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TrailblazersWhat Matters To Me: Melati Wijsen, Co-Founder Of Bye Bye Plastic Bags

What Matters To Me: Melati Wijsen, Co-Founder Of Bye Bye Plastic Bags

What Matters To Me: Melati Wijsen, Co-Founder Of Bye Bye Plastic Bags
By Karina Saphiera W
April 29, 2019
The Indonesian eco-activist talks waste, generational differences and how businesses can play their part in the plastic backlash

In the What Matters To Me series, a Generation T honouree describes what they do, why they do it, and why it matters.

Melati Wijsen and her sister Isabel were just 12 and 10 years old respectively when they had a life-changing moment six years ago. Struck by the amount of waste around them, the Indonesian pair founded Bye Bye Plastic Bags, a youth-led organisation that aims to empower people to say no to single-use plastic.

From online petitions to encouraging the use of plastic alternatives, and even a hunger strike to get their message across, Wijsen and her sister were instrumental in the eventually successful campaign to ban single-use plastic on the tropical island. In Devember 2018, the Bali government announced a ban on all single-use plastics, targeting a 70 percent decline in Bali's marine plastics within a year. Here, Wijsen introduces her work in her own words.

Growing up on the island of Bali, plastic was literally everywhere. Living in a home that’s only surrounded by nature, it wasn’t rocket science to see that plastic was having a negative impact on it. That’s why my sister and I decided to start Bye Bye Plastic Bags.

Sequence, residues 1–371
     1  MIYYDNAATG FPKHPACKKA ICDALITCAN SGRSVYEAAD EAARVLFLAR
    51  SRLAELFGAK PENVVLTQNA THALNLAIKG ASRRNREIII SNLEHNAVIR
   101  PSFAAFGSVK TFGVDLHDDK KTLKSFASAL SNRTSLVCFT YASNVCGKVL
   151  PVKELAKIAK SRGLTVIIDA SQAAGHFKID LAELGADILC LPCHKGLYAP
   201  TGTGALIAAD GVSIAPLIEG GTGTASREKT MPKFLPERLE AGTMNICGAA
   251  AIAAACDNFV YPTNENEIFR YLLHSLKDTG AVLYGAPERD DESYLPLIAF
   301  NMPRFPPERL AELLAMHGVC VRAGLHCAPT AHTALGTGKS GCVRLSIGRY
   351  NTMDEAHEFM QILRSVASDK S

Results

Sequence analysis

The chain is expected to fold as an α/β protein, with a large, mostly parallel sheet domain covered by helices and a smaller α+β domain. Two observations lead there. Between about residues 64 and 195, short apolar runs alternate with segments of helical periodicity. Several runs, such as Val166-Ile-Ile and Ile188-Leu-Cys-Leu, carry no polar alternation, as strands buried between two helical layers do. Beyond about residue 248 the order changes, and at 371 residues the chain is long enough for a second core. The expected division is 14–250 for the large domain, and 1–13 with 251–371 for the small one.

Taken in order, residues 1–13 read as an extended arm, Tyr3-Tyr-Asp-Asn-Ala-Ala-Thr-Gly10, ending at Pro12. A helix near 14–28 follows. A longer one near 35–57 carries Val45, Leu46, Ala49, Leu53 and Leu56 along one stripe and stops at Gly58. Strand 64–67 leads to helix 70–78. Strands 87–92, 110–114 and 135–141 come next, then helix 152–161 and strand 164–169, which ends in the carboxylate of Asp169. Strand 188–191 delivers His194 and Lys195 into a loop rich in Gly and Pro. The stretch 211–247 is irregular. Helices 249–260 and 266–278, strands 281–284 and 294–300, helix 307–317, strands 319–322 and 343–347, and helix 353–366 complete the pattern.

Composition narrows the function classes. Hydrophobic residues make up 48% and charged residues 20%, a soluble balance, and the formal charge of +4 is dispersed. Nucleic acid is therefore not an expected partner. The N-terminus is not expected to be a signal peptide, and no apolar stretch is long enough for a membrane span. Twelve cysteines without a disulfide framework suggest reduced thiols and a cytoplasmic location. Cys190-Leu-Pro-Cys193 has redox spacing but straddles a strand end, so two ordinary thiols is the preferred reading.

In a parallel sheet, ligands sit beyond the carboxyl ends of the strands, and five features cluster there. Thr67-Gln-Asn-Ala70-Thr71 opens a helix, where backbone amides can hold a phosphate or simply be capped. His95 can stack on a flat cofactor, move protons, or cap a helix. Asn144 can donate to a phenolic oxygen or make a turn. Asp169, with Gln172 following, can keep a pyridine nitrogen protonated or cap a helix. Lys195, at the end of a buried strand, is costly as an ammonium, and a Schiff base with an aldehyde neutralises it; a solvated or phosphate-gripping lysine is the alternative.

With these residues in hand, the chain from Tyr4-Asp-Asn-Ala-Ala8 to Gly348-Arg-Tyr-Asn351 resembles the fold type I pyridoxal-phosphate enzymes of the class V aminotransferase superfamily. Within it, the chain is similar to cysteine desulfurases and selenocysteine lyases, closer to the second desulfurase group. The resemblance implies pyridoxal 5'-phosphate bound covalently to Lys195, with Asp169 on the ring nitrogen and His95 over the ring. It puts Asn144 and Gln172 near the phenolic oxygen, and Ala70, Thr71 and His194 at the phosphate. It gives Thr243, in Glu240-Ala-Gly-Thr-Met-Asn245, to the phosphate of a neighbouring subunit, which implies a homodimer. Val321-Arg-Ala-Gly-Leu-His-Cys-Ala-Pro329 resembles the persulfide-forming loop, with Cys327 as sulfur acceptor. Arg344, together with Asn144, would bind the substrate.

Melati Wijsen (Photo: Courtesy of Bye Bye Plastic Bags)
Melati Wijsen (Photo: Courtesy of Bye Bye Plastic Bags)

We knew we had to pull a team together, so we started contacting our closest friends to join us. We set up a petition online and within the first 24 hours we had more than 6,000 signatures.

Living in a home that’s surrounded by nature, it wasn’t rocket science to see that plastic was having a negative impact on it.

Melati Wijsen

People see plastic as affordable. But if we introduce alternatives to the market and they become more popular, then the price will go down. If we encourage large businesses to change their packaging, have them look at the design failures and take their extended producer responsibilities more seriously, then changing people’s mindsets will become easier.

The way I see it, the younger generation has all the energy, motivation and passion, but we still need the knowledge. So every single person that has crossed our paths has something that we have yet to understand, which is why we should work together to make a difference.

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TrailblazersWhat Matters To MeIndonesiaenvironmentgreenNGOplasticBaliEnvironment

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